The Way the Industry Sees It
I sat down with Renee Monforton, Director of Communications with the Detroit Metro Convention and Visitors Bureau, to hear more about the fascinating task – rich with challenges and opportunities – in marketing the city of Detroit.
How has the bankruptcy of Detroit affected your approach to marketing the city to conventions and other tourists?
The bankruptcy has actually served as an opportunity to tell the correct Detroit story while the eyes of the world are watching our city. Simultaneous with the bankruptcy, which is largely a city government issue and hasn’t impacted any services or amenities to visitors, another story is being written. The story is that there has been more private investment in Detroit in two short years than in any time in decades. More than 15,000 new employees have come downtown in the past two years and the city that was downtrodden a decade ago has now a 100 percent residential occupancy rate. The city is undergoing an amazing transformation, truly earning its title as “America’s Great Comeback City,” the theme of our latest advertising campaign. That’s the story we are now getting the opportunity to tell.
What’s the top reason that visitors want to experience Detroit? Also, let’s talk about the city recently remodeled its convention center. How important has that effort been in attracting conventions to the city, and what amenities are they most interested in?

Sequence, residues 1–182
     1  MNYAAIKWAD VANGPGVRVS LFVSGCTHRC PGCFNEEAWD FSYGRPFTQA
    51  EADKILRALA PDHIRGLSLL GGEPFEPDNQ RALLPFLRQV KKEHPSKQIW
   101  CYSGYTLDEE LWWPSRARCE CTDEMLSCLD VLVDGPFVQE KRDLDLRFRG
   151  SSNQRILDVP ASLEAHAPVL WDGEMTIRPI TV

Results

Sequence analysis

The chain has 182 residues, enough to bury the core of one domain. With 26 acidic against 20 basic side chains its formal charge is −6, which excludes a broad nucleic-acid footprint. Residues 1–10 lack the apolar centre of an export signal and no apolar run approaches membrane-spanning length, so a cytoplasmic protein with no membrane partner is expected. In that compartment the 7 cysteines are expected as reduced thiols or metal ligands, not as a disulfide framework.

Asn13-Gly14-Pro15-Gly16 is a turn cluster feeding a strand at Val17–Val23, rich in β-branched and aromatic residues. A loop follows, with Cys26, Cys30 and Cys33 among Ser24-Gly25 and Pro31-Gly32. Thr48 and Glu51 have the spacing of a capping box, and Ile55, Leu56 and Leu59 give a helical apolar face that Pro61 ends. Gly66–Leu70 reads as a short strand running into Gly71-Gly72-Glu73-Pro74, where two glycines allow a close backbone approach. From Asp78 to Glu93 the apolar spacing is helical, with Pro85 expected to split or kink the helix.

Detroit has a multitude of events and world class attractions that lure more than fifteen million visitors a year. The five main attributes of our destination for tourism are cars, culture, gaming, music and sports – we have unmatched opportunities on those fronts. And on the meetings side, our $279 million renovation of the Cobo Convention Center has served as a major catalyst for new convention business. Everything there has been upgraded: from the facility, to the labor agreements to the customer service. And as a result, we more than doubled the number of citywide conventions we are hosting from 2013 to 2014.
The “Pure Michigan” campaign has been very successful, but some might associate it more with Michigan’s lakes and northern destination cities. Has Detroit been able to leverage that campaign to its benefit?